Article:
Attacking Humanitarians: Ebola and the breakdown of social accommodations over burials in Guinea

4 December 2015, 17:00 - 18:30

SG1, Alison Richard Building, 7 West Road, Cambridge

Public talk by Professor James Fairhead (University of Sussex). Free and open to all.

Attacking Humanitarians: Ebola and the breakdown of social accommodations over burials, political subjection, and economic appropriation in the Republic of Guinea

Abstract

As the Ebola crisis became ‘exponential’ in September 2014, a delegation of senior politicians, doctors, NGO staff and journalists were attacked during a visit to Districts in the Forest Region of Guinea whilst informing communities about Ebola. Eight were murdered. This paper seeks to understand the fear that many Guineans felt towards Ebola response initiatives and why the educators, treatment centres and burial teams regularly encountered resistance, occasionally violent. Such resistance and the distrust behind it was catastrophic not only for attackers and attacked alike, but also for the epidemic, as early in the epidemic it undermined health communication, the isolation of the ill, safe burials, contact tracing and quarantine early on, and so facilitated its spread.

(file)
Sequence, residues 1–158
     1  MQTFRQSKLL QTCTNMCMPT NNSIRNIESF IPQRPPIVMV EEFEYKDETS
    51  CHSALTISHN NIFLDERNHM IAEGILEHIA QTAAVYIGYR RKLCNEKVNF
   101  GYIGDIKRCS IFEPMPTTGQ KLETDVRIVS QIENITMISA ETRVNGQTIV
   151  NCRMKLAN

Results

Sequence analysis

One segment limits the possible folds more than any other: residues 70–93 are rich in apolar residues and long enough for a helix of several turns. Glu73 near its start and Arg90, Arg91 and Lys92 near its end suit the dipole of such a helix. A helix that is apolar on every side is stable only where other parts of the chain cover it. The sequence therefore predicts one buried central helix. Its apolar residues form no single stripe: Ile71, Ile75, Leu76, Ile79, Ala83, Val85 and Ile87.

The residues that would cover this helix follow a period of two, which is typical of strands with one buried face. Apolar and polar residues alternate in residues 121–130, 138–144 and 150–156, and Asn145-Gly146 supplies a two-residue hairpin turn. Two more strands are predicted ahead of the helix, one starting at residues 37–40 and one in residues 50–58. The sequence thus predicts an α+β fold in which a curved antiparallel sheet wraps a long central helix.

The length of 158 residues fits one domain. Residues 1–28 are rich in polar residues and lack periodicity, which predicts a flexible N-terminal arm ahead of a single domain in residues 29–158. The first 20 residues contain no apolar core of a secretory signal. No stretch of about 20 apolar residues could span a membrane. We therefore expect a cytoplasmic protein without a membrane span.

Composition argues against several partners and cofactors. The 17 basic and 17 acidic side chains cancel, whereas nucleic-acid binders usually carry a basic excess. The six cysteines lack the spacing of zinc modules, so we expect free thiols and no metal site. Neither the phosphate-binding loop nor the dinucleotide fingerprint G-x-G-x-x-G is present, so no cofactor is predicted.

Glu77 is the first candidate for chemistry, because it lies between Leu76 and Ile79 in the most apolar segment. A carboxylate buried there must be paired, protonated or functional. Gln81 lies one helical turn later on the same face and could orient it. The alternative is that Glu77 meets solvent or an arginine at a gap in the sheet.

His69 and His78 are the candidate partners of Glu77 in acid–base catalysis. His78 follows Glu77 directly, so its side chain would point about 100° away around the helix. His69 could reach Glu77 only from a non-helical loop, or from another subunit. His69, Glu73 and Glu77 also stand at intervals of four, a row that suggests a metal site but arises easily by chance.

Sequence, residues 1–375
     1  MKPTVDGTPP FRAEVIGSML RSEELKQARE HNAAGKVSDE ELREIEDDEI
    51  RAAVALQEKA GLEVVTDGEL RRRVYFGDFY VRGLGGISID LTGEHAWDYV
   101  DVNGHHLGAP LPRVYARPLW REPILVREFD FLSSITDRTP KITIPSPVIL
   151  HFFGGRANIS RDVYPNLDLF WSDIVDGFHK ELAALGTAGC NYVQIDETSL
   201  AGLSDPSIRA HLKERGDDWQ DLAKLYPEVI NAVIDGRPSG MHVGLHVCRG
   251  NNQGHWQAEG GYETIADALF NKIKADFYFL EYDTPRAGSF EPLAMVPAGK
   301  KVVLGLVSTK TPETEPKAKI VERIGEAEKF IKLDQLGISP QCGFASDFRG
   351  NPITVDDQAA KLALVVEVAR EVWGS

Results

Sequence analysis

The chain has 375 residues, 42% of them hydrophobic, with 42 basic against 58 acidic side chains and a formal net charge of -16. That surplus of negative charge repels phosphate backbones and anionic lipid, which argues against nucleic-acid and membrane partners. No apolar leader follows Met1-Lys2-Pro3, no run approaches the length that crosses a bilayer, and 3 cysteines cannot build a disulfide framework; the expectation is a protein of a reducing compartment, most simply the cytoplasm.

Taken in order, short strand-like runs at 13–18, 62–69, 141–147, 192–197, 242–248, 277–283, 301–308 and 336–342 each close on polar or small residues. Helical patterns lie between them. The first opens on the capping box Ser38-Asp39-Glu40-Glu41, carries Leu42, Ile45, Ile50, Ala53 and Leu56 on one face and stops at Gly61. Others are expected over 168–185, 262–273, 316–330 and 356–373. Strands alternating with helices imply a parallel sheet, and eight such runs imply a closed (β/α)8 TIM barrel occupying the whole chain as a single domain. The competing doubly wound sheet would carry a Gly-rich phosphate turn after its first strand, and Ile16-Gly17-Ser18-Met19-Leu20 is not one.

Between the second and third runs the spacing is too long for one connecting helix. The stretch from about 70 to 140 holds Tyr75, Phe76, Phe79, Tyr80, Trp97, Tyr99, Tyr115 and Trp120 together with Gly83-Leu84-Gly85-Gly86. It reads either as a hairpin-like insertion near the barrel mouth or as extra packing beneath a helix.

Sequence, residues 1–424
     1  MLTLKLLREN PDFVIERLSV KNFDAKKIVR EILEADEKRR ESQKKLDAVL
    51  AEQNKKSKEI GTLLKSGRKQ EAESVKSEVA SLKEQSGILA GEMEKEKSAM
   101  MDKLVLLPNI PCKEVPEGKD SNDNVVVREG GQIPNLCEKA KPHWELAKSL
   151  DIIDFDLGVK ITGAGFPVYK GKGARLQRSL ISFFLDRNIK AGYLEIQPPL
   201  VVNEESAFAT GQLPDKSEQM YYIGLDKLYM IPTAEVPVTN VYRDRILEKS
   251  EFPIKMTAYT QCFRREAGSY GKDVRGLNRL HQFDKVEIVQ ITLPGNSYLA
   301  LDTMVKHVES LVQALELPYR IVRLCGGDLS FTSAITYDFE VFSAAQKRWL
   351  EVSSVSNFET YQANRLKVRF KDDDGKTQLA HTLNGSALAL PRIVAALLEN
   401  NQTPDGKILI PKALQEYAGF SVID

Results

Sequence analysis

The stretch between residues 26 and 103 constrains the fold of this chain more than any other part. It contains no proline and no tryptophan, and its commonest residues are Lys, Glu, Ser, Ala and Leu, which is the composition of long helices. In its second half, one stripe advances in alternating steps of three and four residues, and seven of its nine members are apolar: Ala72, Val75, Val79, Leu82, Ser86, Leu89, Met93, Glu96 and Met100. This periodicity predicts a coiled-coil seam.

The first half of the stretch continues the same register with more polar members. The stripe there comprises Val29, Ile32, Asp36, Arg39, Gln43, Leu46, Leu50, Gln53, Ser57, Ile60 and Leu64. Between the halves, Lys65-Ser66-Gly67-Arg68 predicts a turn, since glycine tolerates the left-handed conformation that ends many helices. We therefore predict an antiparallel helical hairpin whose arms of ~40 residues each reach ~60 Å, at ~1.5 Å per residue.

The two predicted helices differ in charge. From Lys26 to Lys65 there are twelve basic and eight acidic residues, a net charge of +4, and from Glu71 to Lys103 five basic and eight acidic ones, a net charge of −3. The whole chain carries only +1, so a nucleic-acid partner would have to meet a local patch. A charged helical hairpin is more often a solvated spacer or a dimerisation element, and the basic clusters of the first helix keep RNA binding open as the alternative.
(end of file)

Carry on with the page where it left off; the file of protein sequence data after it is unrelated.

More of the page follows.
Why were humanitarian workers often greeted in this way? What mistakes were being made in their community relations?  Explanations at the intersection of local and humanitarian ‘culture’ and ‘structural violence’ certainly help, but this talk seeks answers in the particular way that the disease and humanitarian response unsettled three precarious social ‘accommodations’ that had become established in the region - between the existing burial practices and hospital medicine, between local political structures and external political subjection, and between mining/conservation interests, and those whose lands they work. Ebola - as a disease and social phenomenon -  disrupted these established but precarious accommodations that had hitherto enabled radically different and massively unequal worlds to coexist. 

This public talk is part of the Corpses, Burials and Infection conference, 4-5 December 2015.